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J Physiol. 1980 Jul;304:203-20.

Monocular activation of visual cortex in normal and monocularly deprived cats: an analysis of evoked potentials.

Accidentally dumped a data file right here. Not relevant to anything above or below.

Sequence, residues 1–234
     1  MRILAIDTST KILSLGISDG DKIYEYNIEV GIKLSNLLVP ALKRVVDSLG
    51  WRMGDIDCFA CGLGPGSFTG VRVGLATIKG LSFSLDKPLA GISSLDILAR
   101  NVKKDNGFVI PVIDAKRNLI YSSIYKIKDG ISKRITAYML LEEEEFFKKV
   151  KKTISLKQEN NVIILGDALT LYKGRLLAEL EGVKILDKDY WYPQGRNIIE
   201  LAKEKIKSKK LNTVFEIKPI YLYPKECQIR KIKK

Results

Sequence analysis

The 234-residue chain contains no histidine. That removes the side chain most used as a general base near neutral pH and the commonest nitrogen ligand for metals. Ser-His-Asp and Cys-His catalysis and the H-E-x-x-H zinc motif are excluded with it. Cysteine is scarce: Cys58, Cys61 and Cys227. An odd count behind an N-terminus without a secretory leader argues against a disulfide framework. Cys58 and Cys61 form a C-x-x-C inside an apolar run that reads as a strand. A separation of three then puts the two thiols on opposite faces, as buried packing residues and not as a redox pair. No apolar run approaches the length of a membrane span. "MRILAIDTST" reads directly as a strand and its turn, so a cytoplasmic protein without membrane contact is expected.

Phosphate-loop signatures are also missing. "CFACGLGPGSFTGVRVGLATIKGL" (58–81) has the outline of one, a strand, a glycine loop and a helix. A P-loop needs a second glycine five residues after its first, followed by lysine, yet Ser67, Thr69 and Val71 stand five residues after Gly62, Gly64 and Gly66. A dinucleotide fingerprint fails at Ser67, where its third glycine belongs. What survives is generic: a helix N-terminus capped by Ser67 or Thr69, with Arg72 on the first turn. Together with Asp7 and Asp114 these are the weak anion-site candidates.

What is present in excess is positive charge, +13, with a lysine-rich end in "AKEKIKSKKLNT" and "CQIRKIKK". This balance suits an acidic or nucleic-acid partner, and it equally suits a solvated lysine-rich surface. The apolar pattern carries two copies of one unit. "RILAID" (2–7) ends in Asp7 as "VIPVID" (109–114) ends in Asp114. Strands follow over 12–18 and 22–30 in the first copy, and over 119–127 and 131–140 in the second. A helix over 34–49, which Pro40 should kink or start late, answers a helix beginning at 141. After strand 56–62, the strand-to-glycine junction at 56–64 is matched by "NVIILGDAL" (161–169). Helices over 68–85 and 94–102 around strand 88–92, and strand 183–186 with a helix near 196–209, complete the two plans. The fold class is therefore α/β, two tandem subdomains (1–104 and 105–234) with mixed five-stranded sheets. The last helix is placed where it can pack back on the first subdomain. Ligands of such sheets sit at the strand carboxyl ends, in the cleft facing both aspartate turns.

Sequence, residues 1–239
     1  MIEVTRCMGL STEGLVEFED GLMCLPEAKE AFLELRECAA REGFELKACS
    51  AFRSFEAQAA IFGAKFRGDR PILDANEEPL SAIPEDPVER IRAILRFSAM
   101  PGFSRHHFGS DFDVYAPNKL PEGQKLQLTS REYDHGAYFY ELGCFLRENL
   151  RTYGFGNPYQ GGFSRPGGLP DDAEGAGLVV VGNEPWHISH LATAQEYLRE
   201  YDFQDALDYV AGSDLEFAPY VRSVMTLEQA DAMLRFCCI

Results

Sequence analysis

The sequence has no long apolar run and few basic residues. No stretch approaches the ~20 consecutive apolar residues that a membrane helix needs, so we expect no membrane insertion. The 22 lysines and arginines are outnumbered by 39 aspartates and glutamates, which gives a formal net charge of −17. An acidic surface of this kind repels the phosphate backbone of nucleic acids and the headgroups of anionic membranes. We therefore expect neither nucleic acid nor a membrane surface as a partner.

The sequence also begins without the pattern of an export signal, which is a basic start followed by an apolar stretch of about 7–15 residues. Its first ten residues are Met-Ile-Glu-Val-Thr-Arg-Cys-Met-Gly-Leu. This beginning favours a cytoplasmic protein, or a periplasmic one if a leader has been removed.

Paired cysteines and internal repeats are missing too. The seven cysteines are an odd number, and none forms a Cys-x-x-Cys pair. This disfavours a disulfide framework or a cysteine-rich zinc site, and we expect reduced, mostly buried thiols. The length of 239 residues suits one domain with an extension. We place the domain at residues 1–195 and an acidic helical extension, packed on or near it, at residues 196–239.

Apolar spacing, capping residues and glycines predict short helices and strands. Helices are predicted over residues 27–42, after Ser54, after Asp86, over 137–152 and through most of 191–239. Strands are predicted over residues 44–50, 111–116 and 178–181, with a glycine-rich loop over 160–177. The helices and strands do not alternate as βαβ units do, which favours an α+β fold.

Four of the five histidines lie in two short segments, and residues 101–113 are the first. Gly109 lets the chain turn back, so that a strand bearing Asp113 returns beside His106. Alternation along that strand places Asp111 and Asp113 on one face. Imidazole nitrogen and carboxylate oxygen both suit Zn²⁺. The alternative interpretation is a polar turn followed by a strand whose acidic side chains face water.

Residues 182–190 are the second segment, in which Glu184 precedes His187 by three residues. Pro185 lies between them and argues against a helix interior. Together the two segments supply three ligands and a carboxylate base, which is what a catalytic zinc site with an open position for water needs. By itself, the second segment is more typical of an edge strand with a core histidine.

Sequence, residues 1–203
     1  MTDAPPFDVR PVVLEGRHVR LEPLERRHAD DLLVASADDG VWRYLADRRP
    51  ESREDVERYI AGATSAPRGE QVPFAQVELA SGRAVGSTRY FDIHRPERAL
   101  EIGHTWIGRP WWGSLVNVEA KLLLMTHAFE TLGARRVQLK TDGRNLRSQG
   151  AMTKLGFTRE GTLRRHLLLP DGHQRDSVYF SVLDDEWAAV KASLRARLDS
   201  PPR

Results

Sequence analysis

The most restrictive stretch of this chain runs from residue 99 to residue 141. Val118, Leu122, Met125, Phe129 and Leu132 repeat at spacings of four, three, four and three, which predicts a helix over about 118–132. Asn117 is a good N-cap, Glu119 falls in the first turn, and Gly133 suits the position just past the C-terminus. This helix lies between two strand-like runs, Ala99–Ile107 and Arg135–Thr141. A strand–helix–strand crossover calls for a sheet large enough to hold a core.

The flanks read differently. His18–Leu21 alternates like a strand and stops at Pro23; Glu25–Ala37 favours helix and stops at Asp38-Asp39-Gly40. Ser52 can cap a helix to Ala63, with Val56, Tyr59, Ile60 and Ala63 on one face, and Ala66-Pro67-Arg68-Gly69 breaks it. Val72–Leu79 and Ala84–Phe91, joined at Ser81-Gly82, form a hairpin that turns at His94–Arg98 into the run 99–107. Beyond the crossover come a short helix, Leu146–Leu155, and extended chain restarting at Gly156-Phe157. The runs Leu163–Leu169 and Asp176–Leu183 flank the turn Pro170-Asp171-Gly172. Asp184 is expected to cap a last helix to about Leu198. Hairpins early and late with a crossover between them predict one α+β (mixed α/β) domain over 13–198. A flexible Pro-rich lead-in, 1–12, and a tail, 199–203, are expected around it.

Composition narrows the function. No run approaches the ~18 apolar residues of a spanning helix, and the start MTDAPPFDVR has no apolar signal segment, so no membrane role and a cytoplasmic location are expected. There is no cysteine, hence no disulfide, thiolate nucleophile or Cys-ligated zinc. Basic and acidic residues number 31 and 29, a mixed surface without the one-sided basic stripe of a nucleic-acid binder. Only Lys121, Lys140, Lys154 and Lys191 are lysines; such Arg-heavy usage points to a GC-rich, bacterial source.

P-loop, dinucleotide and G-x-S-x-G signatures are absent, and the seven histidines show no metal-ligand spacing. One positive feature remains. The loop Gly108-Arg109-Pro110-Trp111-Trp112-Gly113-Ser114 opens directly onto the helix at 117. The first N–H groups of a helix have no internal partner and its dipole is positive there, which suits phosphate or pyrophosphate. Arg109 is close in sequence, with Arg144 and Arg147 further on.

The unilaterally induced patterns of prominent excitatory post-synaptic activity within Areas 17 and 18 were investigated in normal and monocularly deprived cats. They were elicited by electrical stimulation of the optic nerves and evaluated with the one-dimensional current source-density method. 1. In Area 18 of normal cats the unilaterally and bilaterally induced current source-density patterns closely resemble each other. None of the mono-, di- or tri-synaptic activities is potentiated by binocular convergence. 2. In Area 18 of monocularly deprived cats the synaptic currents elicited by stimulating the nerve on the deprived side lead to approximately the same spatial and temporal distribution of sinks and sources as those induced from the normal eye; but the amplitudes are considerably smaller. This reduction is similar for mono-, di- and trisynaptic responses which indicates (a) that the imbalance between activity from the deprived and non-deprived eye is mainly due to reduced input to the cortical target cells from the deprived eye and (b) that the activity from the deprived eye still relayed to these cells is passed on to supra- and infragranular layers without diminution and in the same way as activity from the normal eye. 3. The imbalance of afferent activity from the deprived and non-deprived eye is apparent in the evoked potentials recorded from the white matter. This indicates that activity from the deprived eye is already strongly reduced in the thalamo-cortical fibres. 4. In monocularly deprived, but not in normal cats the monosynaptic activities from the two eyes are often segregated in depth within layer IV. 5. In Area 17 of both normal and deprived cats only a small fraction of the potential monosynaptic activity can be elicited by electrical stimulation of the optic nerves because of transmission failure in the lateral geniculate nucleus. Comparison of the current source-density patterns elicited from the normal and deprived nerve in monocularly deprived cats indicates that activity produced by fast conducting afferents is more affected (reduced) by deprivation that that conveyed by slower afferents.

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